Thursday, 17 October 2013
Slade Castle Co Wexford
The tall crenellated Tower of Slade Castle was constructed sometime during the 15th century by the Laffans, a Norman family who had established themselves in the area. The fortified two storied hall was added in the 16th century also adding crenellations to the top making the Castle a most elaborate affair. The Laffan's ownership ended after the rebellion of 1641 and the Castle took on several guises thereafter including a storehouse for a thriving salt works during the 18th century and as a tenement house in the 19th century. The building was subsequently disused and was taken over by the OPW in the 1940's.
The Castle sits on the harbour side of the charming little fishing village of Slade. At one point there was a key holder but I'm not sure that is the case now as the interior we were told is at the moment inaccessible. However it is known that the Southern wall entrance in the Tower features a murder hole above it and the ground floor and third floor have vaulted ceilings. The Tower consists of four storeys with a mural staircase to the second floor.
The Castle's position on a pier gives it a commanding view of the Celtic sea and the nearby Bannow bay where curiously enough the Normans first landed in 1169AD
The inaccessibility to the interior is a tad disappointing but the exterior is interesting enough to warrant a visit if you happen to be in the area. When we visited it was a very picturesque scene, the tide was low and some of the small colourful fishing boats nearer the pier lay beached under the gaze of the Castle, lobster pots stacked neatly up against one of it's walls. If the Castle is under the auspices of the OPW it would certainly warrant opening to the public perhaps even as a museum to the Norman invasion and subsequent integration. I'm sure that access could be made to the battlements which would afford wonderful views of what is a very striking part of the country's coastline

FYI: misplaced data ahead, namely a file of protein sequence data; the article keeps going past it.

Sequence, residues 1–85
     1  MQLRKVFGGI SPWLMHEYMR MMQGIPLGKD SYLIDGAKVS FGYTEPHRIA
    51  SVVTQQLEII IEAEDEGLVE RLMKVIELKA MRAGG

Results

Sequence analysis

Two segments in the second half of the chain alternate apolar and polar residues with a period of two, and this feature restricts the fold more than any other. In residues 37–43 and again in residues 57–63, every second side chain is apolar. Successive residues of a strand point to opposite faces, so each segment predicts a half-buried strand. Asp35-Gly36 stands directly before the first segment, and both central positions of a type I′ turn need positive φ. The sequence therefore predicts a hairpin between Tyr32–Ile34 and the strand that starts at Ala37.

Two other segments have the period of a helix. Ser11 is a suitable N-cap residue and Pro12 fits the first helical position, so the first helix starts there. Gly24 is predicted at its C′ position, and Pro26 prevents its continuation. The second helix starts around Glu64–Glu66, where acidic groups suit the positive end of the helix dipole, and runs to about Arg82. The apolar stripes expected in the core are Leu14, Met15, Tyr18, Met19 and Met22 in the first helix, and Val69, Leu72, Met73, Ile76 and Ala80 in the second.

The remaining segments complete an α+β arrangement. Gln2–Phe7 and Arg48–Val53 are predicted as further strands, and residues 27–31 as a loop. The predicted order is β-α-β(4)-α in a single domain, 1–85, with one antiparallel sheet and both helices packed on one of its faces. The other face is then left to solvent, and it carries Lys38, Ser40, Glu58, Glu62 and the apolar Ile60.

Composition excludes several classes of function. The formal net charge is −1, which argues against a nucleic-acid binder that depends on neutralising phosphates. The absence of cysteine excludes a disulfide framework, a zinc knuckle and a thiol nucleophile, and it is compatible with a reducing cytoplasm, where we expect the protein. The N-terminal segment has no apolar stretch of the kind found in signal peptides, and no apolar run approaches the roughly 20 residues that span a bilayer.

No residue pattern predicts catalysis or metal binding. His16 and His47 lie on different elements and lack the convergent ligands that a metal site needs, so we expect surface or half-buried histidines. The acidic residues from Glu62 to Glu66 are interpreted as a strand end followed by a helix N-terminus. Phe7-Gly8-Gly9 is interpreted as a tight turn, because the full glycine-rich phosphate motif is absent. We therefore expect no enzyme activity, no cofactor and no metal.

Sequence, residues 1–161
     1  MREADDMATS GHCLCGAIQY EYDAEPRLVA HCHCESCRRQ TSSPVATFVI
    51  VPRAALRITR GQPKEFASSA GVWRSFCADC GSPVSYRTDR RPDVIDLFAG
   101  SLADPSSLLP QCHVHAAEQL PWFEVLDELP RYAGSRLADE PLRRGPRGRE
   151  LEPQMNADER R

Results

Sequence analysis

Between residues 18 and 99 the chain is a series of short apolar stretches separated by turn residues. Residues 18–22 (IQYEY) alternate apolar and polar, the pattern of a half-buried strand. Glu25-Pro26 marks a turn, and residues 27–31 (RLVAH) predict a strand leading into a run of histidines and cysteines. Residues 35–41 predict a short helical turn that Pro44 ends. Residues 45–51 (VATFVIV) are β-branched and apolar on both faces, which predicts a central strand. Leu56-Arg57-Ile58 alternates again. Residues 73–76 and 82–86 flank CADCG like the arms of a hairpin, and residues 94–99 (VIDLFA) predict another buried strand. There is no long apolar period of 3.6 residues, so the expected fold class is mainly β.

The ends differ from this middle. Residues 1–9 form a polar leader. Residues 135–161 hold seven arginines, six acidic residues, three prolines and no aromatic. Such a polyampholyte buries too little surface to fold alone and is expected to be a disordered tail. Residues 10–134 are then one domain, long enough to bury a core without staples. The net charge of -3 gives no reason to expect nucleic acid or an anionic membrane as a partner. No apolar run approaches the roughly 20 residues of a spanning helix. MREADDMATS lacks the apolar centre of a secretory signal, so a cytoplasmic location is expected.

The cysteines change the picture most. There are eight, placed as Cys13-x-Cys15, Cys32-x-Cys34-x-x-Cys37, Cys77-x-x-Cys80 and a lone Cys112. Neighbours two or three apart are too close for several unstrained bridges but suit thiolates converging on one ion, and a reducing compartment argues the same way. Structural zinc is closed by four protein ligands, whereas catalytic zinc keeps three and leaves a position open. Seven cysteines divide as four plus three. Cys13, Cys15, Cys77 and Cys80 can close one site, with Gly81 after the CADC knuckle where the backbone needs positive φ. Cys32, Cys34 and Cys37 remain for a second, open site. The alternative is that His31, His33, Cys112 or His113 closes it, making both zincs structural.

To find Slade Castle take the N25 heading East from New Ross to Wexford Town and as you leave New Ross look for a turn right onto the R734 heading South. Take this turn and continue on this road until you have entered the Hook peninsula. When you have passed through Fethard-on-sea continue on for about 5KM following the signs for the Ring of Hook until you reach a staggered crossroads with a sign pointing straight ahead for Duncannon. Turn left at these crossroads and drive approx. 4.5KM until you reach a small roundabout (one of those that are painted on the road) and turn left again following the sign for the Ring of Hook. Drive for about 400m and the road turns sharply right. You will see the Castle directly ahead. Park safely anywhere along this road.